Up towards Cothill from Burnside, massed flowers…

They like us being here, I think.

They know we are acting as guardians rather than owners. They rejoice in our energy and admiration. They feel safe enough to multiply and offer passers by, on the A923, a marvelous display. Just yesterday, two cyclists shouted their appreciation: “Oh wow, look at that. What a garden!”

Looking, and seeing. There is a difference for sure.


The road runs from left to right, right to left, over the wall between the blue furniture at the entrance to the labyrinth, and The Bonnet, a neighbour’s house in the distance…

The young women looked quickly, glanced, and then moved on. They did not stop to see… to take time to dismount, wander around, breathe in the quiet sappy fragrance, and look deeply into the heart of the flowers… into their spiritual core, their essence of being.

It is the same with all of us. Even when living closely with someone, do we really see them? That is why the phrase, “I see you” resonated with so many in the film Avatar. Quite often Akii and I will stop, gaze deeply into one another’s eyes, and say the words: I see you. We always feel so much closer afterwards.

This “seeing” is a re-connecting on a spiritual level. It is the recognition that we are spiritual beings enjoying a human experience, rather than the other way around. Those who look go no further than enjoying the human experience, so missing the point of existence. They are too busy rushing from point A to point B, focused on the destination rather than the journey.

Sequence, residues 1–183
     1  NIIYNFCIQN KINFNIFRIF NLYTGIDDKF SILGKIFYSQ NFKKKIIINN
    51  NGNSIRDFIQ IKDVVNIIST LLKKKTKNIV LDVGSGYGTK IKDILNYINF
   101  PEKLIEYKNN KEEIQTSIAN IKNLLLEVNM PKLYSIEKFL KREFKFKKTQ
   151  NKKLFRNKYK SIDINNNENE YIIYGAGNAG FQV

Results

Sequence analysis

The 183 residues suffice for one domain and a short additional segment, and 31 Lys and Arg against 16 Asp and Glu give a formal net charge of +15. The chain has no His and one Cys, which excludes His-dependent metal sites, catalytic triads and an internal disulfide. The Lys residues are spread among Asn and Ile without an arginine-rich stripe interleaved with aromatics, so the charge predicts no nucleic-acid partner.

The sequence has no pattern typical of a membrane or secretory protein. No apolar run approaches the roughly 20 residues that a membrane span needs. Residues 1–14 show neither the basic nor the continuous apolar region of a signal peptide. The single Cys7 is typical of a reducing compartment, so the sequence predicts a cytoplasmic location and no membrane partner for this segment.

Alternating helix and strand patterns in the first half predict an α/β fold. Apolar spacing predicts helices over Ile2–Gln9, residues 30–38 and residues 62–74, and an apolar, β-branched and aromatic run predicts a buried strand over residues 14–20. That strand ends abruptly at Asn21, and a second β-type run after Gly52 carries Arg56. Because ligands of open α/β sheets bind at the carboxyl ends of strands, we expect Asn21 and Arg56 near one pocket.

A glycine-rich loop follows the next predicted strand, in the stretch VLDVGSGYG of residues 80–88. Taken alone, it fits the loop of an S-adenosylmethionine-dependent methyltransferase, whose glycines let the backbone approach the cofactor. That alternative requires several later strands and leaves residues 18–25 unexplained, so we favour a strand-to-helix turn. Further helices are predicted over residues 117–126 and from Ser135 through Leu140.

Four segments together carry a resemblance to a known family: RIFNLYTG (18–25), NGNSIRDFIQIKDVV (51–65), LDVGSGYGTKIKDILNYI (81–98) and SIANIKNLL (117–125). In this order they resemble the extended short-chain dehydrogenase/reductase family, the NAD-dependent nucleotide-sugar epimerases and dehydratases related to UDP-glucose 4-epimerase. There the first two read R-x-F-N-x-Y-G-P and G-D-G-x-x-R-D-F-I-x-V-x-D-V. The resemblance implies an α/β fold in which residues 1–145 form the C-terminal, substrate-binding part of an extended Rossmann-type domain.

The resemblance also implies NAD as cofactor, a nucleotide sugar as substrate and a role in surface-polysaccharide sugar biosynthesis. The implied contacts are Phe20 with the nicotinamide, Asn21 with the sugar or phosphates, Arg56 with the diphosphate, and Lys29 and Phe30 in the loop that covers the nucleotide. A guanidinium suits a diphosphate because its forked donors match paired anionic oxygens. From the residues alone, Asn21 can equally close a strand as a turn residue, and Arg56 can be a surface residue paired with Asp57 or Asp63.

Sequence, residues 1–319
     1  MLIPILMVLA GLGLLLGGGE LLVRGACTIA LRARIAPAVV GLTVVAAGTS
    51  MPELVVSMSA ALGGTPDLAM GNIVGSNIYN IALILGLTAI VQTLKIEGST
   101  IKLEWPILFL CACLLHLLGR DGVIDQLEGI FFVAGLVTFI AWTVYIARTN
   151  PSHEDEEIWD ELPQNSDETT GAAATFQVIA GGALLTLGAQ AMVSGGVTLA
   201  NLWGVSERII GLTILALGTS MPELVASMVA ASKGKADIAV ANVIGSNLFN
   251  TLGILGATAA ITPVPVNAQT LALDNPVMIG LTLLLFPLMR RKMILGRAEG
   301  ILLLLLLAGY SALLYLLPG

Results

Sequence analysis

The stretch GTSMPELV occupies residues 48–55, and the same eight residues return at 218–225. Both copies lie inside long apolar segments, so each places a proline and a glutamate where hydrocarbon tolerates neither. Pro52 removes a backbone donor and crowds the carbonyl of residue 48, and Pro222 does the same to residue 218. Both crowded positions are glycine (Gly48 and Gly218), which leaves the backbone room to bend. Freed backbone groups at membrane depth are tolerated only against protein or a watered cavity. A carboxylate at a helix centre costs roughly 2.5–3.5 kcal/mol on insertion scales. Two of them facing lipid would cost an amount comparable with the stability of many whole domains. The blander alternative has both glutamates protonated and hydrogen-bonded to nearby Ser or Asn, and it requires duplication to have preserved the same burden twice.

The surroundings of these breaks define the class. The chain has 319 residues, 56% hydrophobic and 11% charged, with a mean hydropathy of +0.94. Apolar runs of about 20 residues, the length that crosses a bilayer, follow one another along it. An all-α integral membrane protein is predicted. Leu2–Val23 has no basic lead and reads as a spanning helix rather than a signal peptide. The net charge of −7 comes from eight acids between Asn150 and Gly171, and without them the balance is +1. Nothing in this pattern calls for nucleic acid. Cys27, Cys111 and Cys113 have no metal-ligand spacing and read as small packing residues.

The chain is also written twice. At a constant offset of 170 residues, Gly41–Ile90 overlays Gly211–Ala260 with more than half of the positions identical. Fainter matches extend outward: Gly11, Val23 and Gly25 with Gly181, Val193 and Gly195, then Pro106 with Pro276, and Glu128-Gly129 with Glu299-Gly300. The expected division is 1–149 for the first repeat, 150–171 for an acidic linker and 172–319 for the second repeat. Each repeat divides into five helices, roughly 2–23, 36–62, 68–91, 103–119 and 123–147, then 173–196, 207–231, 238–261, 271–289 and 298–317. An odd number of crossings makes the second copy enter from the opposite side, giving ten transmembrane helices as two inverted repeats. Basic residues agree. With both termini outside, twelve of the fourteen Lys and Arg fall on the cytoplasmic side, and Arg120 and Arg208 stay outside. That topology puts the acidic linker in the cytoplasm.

So let me focus, just for a while, on the snowdrop, regarded by so many as the harbinger of Spring. When it snowed the other day, they disappeared, were invisible; when the snow melted, they reappeared again, quite unscathed. Unlike many buds on trees and shrubs that yet again seem to have gone into shock at such swift climatic changes. Delicate the snowdrop may appear, but hardy is its second name.


The last Galanthus nivalis (common snowdrop) to open, shaded by the woodland copse across the burn…

Known since the earliest of times, the snowdrop was named Galanthus (from the Greek for ‘milk flower’) in 1753. Nowadays there are twenty recognised species of this bulbous perennial in the family Amaryllidaceae, ranging in shape, colour, design, height and size. (My aunt, who knew the Latin names of all the plants and shrubs and trees she planted in her garden, would be so proud that I have got around to learning this.) In the northern hemisphere, which is where we are, snowdrops have usually finished flowering by the vernal equinox on March 20 or 21. So carrying us neatly into Summer.

Snowdrops are also known as Candlemass Bells. Candlemass was originally an ancient festival (rather than pagan, which I regard as rudely ignorant) that marked the middle of winter – this year, February 2. Later it was given a Christian perspective:“The snowdrop, in purest white array/First rears its head on Candlemass Day.”

Because they are one of the earliest plants to flower, snowdrops have not only become symbols of Spring, but taken on some weird and wonderful associations, linked to what pragmatic opinion now consider to be Old Wives’ Tales.